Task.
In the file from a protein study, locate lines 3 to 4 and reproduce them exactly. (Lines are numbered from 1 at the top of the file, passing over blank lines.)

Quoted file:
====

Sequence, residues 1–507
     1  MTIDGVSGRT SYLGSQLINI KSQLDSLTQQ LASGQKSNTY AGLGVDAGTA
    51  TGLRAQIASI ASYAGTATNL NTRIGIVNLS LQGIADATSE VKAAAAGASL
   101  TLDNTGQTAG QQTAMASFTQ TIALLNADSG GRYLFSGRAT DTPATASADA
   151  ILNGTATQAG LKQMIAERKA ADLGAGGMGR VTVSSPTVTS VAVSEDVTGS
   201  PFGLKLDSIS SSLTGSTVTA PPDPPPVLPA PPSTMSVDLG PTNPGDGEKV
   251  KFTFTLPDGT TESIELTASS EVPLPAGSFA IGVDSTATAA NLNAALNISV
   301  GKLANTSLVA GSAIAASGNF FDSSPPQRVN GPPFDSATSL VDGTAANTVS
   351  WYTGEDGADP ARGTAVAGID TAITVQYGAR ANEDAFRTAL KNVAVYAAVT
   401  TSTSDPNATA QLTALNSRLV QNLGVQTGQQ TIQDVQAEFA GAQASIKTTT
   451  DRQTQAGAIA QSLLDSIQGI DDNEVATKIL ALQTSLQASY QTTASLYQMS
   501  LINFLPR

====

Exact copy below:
    51  TGLRAQIASI ASYAGTATNL NTRIGIVNLS LQGIADATSE VKAAAAGASL
   101  TLDNTGQTAG QQTAMASFTQ TIALLNADSG GRYLFSGRAT DTPATASADA